I add chia gel to breads and baked goods, my mid-morning shot of Very Veggie (similar to V-8), smoothies, oatmeal or other cooked cereal.... Added to whey lemonade (whey drained from homemade kefir + water, lemon juice and sweetener of choice if you'd like)- a real thirst quencher in the summer. Or added to coconut water - another great thirst quencher. Much better for you than sports drinks.

Chia gel added to yeast breads (1/3 to 1/2 cup per loaf) helps keep the bread "fresher" longer because the gelatinous mixture holds moisture in the crumb, rather than the moisture migrating through the crust during storage. They look like large poppy seeds in the bread.

Add some chia gel to your pancake/waffle batter, or your French toast batter.

You can add chia gel to any cookie batter for extra fiber and nutrition. Mix about 1/2 c. gel per dozen cookies the recipe makes. Bake as usual.

Add 1 teaspoon or more of chia gel to each serving of your favorite pudding.

I would highly recommend the book, "The Magic of CHIA" by James F. Scheer. The recipe for Chia Fudge is adapted from the book.

Chia Fudge

3/4 c. maple syrup (I've also used agave nectar)
1 c. peanut butter
1 t. vanilla
1 c. almonds, chopped or ground
1/2 c. sesame seeds (I've also used kasha)
1/2 c. sunflower seeds
1/4 c. dry chia seeds
1/4 c. Hershey's 100% Cacao Cocoa (Special Dark)

Mix maple syrup, peanut butter, and vanilla. Add cocoa powder a little at a time. Mix until well blended. Mix all nuts and seeds together and add slowly to the chocolate mixture. Form into small balls (or spread in a pan sprayed with cooking spray or lined with Reynolds Wrap "Release" non-stick foil and cut into small squares). Roll in unsweetened coconut if you'd like. Refrigerate at least 1-hour. Store in the refrigerator or freezer.

We use these as high-energy treats. Great for when we travel or have to eat on-the-run.

Chocolate Chip Cookies
(source -
2 cups Spelt Flour
1 1/2 to 2 cups Chia Gel
1 cup grated carrots, carrot pulp, or finely chopped zucchini
2 tsps Baking Powder
A pinch of Celtic Sea Salt
1/8 tsps Stevia Powder or 12 to 15 drops Liquid Stevia (concentrate).
1/4 cup raw honey (optional - or agave nectar)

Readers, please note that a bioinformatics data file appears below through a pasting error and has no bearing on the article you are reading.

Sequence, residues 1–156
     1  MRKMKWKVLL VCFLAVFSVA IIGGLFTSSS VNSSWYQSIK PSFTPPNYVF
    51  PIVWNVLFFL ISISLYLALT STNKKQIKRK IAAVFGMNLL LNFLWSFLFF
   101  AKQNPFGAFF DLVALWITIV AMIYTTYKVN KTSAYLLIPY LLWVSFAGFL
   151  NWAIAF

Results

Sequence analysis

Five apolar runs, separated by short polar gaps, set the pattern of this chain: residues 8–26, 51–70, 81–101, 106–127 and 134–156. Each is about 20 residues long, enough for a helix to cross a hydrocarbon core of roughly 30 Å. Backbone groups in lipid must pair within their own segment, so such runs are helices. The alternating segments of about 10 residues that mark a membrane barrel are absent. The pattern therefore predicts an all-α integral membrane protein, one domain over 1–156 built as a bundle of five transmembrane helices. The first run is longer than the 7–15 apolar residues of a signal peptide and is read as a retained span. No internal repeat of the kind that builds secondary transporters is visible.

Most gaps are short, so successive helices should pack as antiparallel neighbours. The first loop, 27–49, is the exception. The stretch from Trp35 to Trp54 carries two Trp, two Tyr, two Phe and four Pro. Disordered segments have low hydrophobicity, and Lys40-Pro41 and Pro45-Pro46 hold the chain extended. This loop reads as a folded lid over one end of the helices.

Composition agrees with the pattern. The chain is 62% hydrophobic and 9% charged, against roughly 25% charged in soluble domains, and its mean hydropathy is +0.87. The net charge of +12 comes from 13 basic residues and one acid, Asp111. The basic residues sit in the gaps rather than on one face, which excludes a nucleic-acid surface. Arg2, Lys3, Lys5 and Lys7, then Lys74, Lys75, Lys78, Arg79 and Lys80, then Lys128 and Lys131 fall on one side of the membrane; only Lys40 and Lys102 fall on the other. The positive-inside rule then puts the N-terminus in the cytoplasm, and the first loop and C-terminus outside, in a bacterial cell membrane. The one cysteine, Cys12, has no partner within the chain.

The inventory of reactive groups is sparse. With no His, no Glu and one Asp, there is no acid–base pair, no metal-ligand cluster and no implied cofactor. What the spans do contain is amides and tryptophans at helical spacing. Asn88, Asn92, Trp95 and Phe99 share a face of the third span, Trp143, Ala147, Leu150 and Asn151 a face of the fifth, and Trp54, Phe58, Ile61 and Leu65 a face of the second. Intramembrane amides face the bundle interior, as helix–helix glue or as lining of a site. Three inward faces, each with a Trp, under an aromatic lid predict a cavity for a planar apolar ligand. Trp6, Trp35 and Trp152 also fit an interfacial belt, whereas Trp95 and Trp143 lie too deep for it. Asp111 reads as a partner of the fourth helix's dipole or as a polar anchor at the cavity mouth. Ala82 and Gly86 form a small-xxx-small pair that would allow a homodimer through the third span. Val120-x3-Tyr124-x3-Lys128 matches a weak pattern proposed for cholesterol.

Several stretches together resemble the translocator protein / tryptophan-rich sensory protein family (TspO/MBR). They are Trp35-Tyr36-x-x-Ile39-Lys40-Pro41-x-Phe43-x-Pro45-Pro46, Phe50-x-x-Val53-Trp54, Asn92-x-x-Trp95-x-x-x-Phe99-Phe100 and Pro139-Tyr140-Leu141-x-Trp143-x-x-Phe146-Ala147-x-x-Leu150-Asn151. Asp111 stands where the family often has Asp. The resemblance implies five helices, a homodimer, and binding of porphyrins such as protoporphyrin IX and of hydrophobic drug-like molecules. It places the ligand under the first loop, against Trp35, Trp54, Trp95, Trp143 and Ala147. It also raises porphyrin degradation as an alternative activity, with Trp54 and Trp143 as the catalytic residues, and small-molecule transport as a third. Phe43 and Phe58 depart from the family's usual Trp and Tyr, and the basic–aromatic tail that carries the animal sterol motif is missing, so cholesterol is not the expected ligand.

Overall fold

2 tsp pure vanilla
1 egg
1/2 cup coconut oil or soft butter
1 cup chopped walnuts
8 oz. Ghirardelli semi-sweet chocolate Chips or Carob Chips

Pre-heat oven 350�F/176.6�C. Mix flour, baking powder, Stevia powder, and salt in food processor; warm coconut oil and honey. Add to flour, eggs, and vanilla. Add veggies, chopped walnuts and chocolate chips. Mix well. Let age for 20 to 30 minutes.

Using a teaspoon, place on lightly greased cookie sheets and bake at 20 to 25 minutes or until firm.

Makes about 2 dozen cookies. Enjoy!!!


    Bookmark   February 23, 2011 at 5:10PM
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They certainly do expand. I added a tablespoon to my afternoon smoothie today, and I could not finish it! The half smoothie remaining is now in the fridge, and has become quite thick.

chi83, great idea of adding it to nut milk for a pudding. I'm going to try that.

I think I may still grind them before adding them to my morning muesli, which is what I'm currently doing with flax.

teresa mn, thanks for the recipe. I read somewhere that you can replace some of the oil with chia gel when baking. I'll put that on my to-try list, the next time I make muffins.

    Bookmark   February 23, 2011 at 5:11PM
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Just wondering.

Mother nature designs many seeds to pass thru the digestive system.

I have no suggestions as to how you can find out for sure. :-)